In my case, finding some Japanese friends to text chat with online has absolutely been the most useful thing to go from "I technically know all these words and grammar points but struggle to put together a sentence" to "I can have a conversation without thinking too much about it". Similarly when I was studying Italian, which I do consider myself fluent in, taking a course in Italy where I actually talked to people every day instead of studying grammar points and texts was really the key to getting over the "hump".
 

BakaGoyim

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Well, I'm just interested to see what people think. If I do need to wait a few years before going back, I'm curious if I'll be able to make real progress in the meantime. I guess I'm really just trying to get the perspectives of some experienced speakers, how they came to fluency and what they found were the most essential and most challenging aspects of that journey.

I think one of the most challenging issues for me to overcome, is that I can be kind of shy, and I get anxious if I don't know how to say something just right. From learning Spanish, I know that it's best to just do your best and usually people will understand the jist of what you're trying to say and sometimes even correct you.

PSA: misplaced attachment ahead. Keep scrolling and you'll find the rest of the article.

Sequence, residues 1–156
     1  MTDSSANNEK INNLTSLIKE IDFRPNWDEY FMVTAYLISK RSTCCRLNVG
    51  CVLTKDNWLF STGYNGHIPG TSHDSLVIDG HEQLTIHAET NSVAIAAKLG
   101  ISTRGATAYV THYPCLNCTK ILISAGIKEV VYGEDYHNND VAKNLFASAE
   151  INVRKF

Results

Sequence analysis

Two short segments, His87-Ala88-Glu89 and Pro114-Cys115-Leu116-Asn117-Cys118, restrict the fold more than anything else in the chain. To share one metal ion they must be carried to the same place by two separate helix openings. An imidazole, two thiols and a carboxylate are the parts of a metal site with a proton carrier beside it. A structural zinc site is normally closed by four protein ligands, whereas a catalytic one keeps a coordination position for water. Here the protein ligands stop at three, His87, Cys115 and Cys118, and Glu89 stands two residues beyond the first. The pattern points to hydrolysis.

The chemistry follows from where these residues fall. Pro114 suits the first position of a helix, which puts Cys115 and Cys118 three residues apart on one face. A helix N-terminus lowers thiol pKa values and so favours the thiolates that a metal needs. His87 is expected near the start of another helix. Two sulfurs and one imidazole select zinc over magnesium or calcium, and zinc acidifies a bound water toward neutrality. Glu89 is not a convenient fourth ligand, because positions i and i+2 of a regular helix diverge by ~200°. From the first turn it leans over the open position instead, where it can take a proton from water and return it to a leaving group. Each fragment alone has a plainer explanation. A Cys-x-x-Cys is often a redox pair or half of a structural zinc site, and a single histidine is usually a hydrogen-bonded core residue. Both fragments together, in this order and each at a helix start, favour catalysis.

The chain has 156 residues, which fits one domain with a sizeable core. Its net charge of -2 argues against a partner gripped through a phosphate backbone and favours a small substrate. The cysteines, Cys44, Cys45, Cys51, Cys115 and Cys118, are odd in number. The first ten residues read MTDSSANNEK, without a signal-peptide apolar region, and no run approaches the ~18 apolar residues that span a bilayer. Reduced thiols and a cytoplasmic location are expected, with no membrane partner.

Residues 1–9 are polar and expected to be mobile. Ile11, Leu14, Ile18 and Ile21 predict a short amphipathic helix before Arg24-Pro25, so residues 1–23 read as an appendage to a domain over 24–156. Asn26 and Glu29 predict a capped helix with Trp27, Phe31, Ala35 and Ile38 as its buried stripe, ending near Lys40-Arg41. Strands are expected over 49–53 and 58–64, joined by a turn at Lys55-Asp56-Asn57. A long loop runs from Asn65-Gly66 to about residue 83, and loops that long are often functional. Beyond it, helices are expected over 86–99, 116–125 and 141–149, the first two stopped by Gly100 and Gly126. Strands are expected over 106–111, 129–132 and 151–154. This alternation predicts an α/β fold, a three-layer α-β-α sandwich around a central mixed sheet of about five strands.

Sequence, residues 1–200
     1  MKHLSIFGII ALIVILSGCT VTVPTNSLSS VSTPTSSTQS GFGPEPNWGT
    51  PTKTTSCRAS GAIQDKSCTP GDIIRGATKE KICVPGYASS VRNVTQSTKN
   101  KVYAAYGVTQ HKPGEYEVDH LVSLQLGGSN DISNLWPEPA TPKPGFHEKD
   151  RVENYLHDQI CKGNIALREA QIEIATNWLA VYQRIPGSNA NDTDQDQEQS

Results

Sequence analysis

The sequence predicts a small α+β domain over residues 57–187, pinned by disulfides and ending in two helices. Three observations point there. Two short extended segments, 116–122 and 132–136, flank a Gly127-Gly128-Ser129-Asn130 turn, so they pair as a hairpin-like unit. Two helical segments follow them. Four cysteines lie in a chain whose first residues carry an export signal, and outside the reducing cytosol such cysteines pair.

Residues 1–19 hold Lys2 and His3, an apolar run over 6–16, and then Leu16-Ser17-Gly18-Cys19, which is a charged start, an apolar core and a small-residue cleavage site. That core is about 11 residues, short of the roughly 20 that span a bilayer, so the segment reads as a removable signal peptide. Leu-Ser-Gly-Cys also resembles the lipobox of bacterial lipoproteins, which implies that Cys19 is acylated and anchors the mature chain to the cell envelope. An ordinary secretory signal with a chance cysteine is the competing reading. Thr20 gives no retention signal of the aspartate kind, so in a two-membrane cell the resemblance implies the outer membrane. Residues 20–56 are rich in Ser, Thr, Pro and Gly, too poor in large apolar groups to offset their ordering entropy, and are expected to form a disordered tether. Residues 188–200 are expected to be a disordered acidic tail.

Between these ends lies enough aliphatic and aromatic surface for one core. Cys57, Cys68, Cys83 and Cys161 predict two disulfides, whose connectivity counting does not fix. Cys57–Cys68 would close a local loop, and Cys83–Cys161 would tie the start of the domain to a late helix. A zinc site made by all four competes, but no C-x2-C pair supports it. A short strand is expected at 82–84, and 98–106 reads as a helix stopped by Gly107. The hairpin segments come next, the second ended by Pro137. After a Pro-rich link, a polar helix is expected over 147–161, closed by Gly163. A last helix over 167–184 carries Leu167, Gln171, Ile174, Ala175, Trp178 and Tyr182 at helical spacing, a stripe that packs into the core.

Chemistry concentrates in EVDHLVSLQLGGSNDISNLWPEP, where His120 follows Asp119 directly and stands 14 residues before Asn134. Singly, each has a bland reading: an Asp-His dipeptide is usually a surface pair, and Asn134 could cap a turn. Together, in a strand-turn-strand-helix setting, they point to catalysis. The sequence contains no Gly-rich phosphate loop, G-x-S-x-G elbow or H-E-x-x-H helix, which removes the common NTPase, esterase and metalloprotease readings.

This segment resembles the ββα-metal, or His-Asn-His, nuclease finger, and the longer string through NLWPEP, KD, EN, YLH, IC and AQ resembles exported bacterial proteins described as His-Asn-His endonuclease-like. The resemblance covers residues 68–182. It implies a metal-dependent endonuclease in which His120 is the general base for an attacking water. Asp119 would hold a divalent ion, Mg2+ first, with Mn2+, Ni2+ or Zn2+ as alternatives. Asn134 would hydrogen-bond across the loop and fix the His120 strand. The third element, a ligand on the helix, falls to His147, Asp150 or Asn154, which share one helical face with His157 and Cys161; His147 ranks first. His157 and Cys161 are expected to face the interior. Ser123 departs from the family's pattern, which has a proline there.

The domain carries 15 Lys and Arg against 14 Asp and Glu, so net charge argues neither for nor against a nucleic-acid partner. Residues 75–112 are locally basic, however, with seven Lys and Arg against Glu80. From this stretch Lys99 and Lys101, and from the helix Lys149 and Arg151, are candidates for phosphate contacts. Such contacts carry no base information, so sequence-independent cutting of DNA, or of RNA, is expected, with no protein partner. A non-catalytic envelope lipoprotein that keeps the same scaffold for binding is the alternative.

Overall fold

Thank you for your input. I think I will try to start doing some text chatting.
 

cocoichi

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I don't have the feeling Bakagoyim is trying to find out how to become fluent in the shortest amount of time. I think it comes from a logical reasoning: becoming good at a language is quite abstract: when is good actually good enough? How many words/kanji would do, and how well should you know then, and within how many seconds should you be able to recall them? do you want to measure by standardized tests, or through your own opinion on how a conversation went? language study can be quite overwhelming, so I think it is quite natural to try to make things measurable, and creating checkpoints.
 

madphysicist

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Well, I'm just interested to see what people think. If I do need to wait a few years before going back, I'm curious if I'll be able to make real progress in the meantime. I guess I'm really just trying to get the perspectives of some experienced speakers, how they came to fluency and what they found were the most essential and most challenging aspects of that journey.

I think one of the most challenging issues for me to overcome, is that I can be kind of shy, and I get anxious if I don't know how to say something just right. From learning Spanish, I know that it's best to just do your best and usually people will understand the jist of what you're trying to say and sometimes even correct you.

Thank you for your input. I think I will try to start doing some text chatting.